How hard is it to get into the NBA? We asked three players to find out | NBA

TThe NBA is one of the most exclusive sports leagues in North America. With 30 teams and 450 players, the NBA employs about half the number of players in the NHL, MLB and MLS, and about a quarter of the NFL’s total. It’s harder to get into than Study 54 in the 1970s. In June, the league held its annual draft and welcomed only 60 rookies. It was an elegant affair with expensive suits, paparazzi and celebratory champagne for the elderly. But these celebrations were just the end point of a much deeper story. Making the league requires lifelong effort and sweaty sacrifice.

With the league’s 76th season set to begin October 19, it’s important to remember how difficult it is to develop the skills to play in even a single NBA game. We caught up with three standouts – current collegiate star Zion Cruz, former Mississippi high school standout Brian Adams and two-time NBA champion Earl Cureton – to find out exactly how tough the road is at different stages of a player’s journey.

New Jersey-born Cruz, a shooting guard who committed to DePaul University in February for the 2022-23 season, stands at 6ft 5in and boasts a top-10 ranking in his class at his position (per 247Sports.com). Still, his path to college ball—usually (though not always) the final step before the NBA—hasn’t been simple, despite his physical gifts and considerable acclaim.

“The work just got harder and harder,” says Cruz. “The long days in the gym sweating weren’t easy when I started, but I just committed and the growth is exceptional.”

Cruz, who is first the top recruit to go to DePaul for years, says his motivation was watching his parents get up to work every day to provide for the family. And he started seriously thinking about playing professionally when he started seeing friends jump to the NBA. But it’s hard to get to where scouts and coaches are paying attention. Instead, Cruz says, it’s about standing out for yourself, and the rest will come. “If you worry about impressing yourself,” he says, “the scouts will see.”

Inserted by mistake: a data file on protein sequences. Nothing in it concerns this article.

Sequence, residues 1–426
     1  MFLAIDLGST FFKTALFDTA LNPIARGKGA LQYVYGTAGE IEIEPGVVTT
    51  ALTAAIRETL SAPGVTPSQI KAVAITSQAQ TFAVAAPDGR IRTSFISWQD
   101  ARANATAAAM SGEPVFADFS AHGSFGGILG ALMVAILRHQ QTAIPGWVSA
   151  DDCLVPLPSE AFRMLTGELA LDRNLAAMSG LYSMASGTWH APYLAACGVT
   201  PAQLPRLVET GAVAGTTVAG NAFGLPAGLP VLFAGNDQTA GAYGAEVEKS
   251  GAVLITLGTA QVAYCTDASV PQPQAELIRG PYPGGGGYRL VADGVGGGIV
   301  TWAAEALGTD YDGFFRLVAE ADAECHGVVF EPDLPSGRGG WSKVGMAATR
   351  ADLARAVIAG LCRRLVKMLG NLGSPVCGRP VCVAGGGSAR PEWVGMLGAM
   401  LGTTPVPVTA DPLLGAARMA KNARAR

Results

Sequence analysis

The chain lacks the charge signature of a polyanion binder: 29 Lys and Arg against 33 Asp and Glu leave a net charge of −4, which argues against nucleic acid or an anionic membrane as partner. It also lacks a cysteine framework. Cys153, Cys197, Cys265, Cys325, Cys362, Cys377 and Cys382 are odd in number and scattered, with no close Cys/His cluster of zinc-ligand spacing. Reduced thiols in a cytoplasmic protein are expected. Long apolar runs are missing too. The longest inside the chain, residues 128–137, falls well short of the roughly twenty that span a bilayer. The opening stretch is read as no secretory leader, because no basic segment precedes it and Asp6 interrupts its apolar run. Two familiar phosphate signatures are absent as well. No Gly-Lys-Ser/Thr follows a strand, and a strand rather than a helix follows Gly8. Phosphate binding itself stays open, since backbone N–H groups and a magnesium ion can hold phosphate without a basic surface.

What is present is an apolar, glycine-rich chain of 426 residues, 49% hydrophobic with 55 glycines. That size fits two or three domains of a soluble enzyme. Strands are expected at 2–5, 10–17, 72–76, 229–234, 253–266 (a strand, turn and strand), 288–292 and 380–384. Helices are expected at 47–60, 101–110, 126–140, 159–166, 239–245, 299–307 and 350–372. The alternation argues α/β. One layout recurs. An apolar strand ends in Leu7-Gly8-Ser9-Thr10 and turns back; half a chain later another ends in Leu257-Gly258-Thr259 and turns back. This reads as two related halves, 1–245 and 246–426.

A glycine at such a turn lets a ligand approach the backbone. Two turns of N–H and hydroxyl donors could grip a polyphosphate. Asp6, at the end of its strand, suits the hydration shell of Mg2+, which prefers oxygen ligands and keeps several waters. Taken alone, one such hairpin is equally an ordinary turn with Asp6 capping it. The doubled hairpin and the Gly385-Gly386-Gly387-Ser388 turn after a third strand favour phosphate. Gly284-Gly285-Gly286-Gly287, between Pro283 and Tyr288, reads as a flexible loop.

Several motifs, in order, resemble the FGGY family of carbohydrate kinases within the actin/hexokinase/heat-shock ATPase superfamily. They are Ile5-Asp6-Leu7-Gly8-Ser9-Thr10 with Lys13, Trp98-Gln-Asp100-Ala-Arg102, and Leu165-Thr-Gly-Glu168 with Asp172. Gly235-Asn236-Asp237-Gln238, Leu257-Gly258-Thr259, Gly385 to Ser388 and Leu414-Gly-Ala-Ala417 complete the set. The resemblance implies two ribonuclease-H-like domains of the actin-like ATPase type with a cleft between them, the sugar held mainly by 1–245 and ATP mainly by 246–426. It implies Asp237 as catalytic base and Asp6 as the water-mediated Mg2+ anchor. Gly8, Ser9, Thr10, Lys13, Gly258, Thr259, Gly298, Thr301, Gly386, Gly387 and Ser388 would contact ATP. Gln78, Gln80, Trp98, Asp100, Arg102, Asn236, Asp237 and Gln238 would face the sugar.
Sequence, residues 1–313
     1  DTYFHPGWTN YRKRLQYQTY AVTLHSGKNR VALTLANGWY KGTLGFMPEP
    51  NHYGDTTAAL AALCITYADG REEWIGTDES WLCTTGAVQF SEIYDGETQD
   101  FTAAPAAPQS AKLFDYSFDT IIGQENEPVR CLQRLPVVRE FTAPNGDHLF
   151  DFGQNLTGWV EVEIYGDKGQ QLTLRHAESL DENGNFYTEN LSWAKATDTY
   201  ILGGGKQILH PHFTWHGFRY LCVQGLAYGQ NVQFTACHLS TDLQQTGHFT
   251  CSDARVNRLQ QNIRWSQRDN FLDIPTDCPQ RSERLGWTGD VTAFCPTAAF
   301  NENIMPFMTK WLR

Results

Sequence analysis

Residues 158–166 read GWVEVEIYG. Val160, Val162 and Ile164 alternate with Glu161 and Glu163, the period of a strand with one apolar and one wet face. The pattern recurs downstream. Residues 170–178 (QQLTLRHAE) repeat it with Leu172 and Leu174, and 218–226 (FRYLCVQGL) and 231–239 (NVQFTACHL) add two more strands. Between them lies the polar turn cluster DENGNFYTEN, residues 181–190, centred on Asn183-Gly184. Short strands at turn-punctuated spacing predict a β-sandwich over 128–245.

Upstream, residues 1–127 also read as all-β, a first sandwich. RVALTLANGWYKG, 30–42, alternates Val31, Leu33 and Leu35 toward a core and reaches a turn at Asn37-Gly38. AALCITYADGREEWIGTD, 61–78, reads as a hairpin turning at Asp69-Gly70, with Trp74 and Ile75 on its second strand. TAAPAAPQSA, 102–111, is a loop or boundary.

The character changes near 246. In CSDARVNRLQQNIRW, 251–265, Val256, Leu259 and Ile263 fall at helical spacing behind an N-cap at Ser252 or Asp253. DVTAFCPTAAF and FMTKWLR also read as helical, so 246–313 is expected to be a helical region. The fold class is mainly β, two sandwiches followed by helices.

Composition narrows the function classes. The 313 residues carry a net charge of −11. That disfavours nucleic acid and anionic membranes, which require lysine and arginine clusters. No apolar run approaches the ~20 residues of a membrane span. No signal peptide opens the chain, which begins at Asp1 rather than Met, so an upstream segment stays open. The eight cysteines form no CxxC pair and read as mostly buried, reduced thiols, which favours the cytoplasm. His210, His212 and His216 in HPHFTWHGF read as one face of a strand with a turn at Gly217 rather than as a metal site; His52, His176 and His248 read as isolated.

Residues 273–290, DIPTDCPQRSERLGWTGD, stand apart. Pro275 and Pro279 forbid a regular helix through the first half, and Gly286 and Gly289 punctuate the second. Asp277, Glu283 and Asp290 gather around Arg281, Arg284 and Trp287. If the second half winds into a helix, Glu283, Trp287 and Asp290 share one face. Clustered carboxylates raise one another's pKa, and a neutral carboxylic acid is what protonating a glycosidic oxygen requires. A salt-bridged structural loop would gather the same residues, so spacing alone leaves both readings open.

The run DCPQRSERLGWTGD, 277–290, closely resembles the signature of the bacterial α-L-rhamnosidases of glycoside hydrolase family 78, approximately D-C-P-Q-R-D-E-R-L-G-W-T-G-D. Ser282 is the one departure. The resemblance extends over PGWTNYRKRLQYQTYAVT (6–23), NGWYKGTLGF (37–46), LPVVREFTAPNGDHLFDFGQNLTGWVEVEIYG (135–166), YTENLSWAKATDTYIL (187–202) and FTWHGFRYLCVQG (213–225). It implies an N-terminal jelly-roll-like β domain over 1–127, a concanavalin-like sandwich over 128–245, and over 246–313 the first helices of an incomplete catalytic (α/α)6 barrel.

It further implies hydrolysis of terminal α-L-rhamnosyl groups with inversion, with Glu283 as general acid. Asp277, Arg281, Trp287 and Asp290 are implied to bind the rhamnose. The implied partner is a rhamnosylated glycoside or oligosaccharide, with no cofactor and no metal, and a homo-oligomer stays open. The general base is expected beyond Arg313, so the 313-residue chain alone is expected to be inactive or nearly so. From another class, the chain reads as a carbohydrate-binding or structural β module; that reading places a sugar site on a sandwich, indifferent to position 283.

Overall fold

For Cruz, whose path to collegiate ties has involved ups and downs, including commitment and release from schools, it can be difficult to maintain the balance, especially with the full-time work of practicing and playing games. It’s about staying focused and blocking out the noise that surrounds his talents. Cruz says he also cares about building and strengthening his character, a lesson he learned from some Chicago Bulls who visited him and offered advice. Ultimately, if he doesn’t make it to the NBA (or if it takes years), Cruz says he won’t lose sight of the goal. “I love basketball,” he says, “it would just be another part of my journey.”

But while he’s likely headed for a pro roster at some point, others haven’t been so lucky, even those with sparkling basketball resumes. In Mississippi, as a high school player in the mid-90s, Adams was a household name. He was a top-20 recruits the same year as future pros Kobe Bryant, Mike Bibby, Jermaine O’Neal, Tim Thomas and Steven Jackson. But when Adams committed to Alcorn State, a historically black college, he says things went sideways. In 1995, prior to his commitment, quarterback Steve McNair was drafted No. 3 overall out of Alcorn State by the NFL’s Tennessee Titans. Adams believed that this was the plan he should follow.

“A lot of people were upset,” Adams says of his decision to choose Alcorn State over a more mainstream school like Kansas or Kentucky. “To do that at the time was unheard of. I will say a lot of things changed when I made that decision. I wasn’t doing the McDonald’s game, nor was I Mr Basketball in the state of Mississippi. It’s like, come on man, I think I was head-and-shoulders above anybody in my class.”

Adams, who fell in love with the game at six, shooting hoops on a converted bicycle wheel without a backboard or net, attended major recruiting camps as well as the highly regarded Piney Woods High School in Mississippi and won state titles. But once he entered college, his career stalled. Adams averaged approx 11 points per game his first two seasons, even though he didn’t play for the coach who had originally recruited him, but then his scoring dropped off. He broke his foot during his junior year in 1999, the season Alcorn State reached the NCAA Tournament. He averaged just three points that year and eight the next.